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Don't Chase Down the Job Market

By Stuart Schultz

There's a concept in real estate called "chasing down the market." It refers to a seller of real estate who values his property way above the market, and only decreases his asking price when the market decreases (but in proportion to the decrease in the market). What ends up occurring is that the property is always overvalued and never sells because the seller is always one step behind the reality of the market (and hence the property is always overpriced).

For example, let's say an apartment is worth $100k but the owner tries to sell it for $120k. It most likely won't sell. Now imagine that the general market decreases by 10%, making the actual value of the apartment $90k. Instead of asking for $90k, the seller will "chase down the market" by decreasing his price 10%. However, his new price of 108k is still significantly 'out of whack'. If there is another 10% drop in the market, his new asking price of 97k is still no closer to the apartment's actual new 81k market value. Instead of chasing the market for months, had the seller originally sold his apartment for $100k, he'd have walked away with a lot more money than after just two devaluations. But how does this apply to the job market?

The same thing is occurring in the job market today. People aren't facing the reality of what's actually happening in the workplace. First they're looking for the perfect job at the most desirable firm (which, by all means, they should be doing). But when they can't find that or a similar job, they keep looking for a job of a similar caliber. Eventually, they realize that today's market might not be the environment for them to be pursuing that cream-of-the-crop job, and look one tier lower. Unfortunately, a lot of other people figured that out way ahead of time and snapped up second tier jobs. Just like our property owner, this happens time and time again, and our job hunter finds himself one step behind of even internship opportunities. So what's the take-away?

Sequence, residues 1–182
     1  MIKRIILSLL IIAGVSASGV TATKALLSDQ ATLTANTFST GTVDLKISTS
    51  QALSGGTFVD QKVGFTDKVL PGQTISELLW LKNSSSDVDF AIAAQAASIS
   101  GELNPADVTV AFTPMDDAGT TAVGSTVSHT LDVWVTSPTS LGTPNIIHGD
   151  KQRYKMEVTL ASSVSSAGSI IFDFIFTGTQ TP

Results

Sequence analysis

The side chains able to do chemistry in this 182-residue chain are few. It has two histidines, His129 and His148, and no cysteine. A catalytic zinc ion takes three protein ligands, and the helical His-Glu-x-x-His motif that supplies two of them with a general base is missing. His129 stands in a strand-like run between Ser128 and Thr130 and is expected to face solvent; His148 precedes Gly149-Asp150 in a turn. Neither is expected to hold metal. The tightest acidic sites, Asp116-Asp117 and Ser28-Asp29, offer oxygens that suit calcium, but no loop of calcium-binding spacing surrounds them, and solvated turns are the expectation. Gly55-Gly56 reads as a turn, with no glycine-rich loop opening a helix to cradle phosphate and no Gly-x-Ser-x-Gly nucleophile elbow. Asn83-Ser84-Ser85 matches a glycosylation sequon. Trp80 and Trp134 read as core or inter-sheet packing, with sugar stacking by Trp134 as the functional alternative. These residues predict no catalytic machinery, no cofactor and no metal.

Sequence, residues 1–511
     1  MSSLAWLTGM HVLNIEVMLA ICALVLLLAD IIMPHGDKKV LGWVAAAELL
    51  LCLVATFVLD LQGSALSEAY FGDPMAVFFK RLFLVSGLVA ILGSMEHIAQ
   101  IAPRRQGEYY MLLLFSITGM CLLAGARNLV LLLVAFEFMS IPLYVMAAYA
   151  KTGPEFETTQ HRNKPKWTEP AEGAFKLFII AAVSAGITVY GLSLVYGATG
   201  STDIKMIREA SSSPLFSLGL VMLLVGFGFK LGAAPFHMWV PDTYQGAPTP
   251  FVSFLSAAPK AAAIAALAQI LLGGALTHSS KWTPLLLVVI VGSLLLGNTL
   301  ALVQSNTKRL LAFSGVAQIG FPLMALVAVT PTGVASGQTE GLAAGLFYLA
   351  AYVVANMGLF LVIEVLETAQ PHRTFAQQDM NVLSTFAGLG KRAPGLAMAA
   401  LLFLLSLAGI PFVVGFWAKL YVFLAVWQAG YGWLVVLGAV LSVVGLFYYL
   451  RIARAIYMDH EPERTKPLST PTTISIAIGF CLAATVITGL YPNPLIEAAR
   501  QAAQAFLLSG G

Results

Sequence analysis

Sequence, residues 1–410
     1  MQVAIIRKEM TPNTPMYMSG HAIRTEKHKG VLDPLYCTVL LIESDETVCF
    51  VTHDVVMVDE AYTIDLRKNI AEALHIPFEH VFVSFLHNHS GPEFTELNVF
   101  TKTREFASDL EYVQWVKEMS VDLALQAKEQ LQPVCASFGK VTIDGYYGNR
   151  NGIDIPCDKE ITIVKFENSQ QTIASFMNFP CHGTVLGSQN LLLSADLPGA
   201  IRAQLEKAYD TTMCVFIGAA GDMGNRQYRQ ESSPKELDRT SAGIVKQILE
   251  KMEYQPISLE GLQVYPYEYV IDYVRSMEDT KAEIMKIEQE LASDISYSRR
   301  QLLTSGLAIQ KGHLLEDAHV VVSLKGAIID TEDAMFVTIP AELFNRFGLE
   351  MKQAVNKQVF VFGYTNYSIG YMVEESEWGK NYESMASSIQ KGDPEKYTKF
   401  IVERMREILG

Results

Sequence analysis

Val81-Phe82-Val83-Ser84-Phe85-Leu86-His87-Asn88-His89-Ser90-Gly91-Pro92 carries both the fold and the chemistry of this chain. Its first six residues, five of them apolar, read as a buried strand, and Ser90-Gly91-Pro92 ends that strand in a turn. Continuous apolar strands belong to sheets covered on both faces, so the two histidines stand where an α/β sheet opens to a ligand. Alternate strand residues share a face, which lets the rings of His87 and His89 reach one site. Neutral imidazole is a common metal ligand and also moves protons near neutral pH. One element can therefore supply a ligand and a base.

Today, don't chase the job market. Instead, face the facts. Companies are downsizing. Experiences professionals are a plenty. And growth is stunted. You can keep looking for the best thing since sliced bread... Or better yet, you can be realistic about where you are in your career and what you can really get. Just graduated? Certainly look for full-time jobs, but also look for internships. Worst case scenario: you snag an internship, work in it for two weeks, and a full-time job comes your way. You'll have to quit your internship, but the company you're interning for will understand and you'll have a full-time job! Or maybe you don't get a full-time job right away, but at least you have an internship and can tell a story.

The job-hunting process is rough now, so don't make it rougher. Instead, get one step ahead of everyone else by realizing what's really going on, and secure an opportunity that's right for your career at this point in time. You will have cemented the stepping stone for your next move while other people will be just trying to find their footing.

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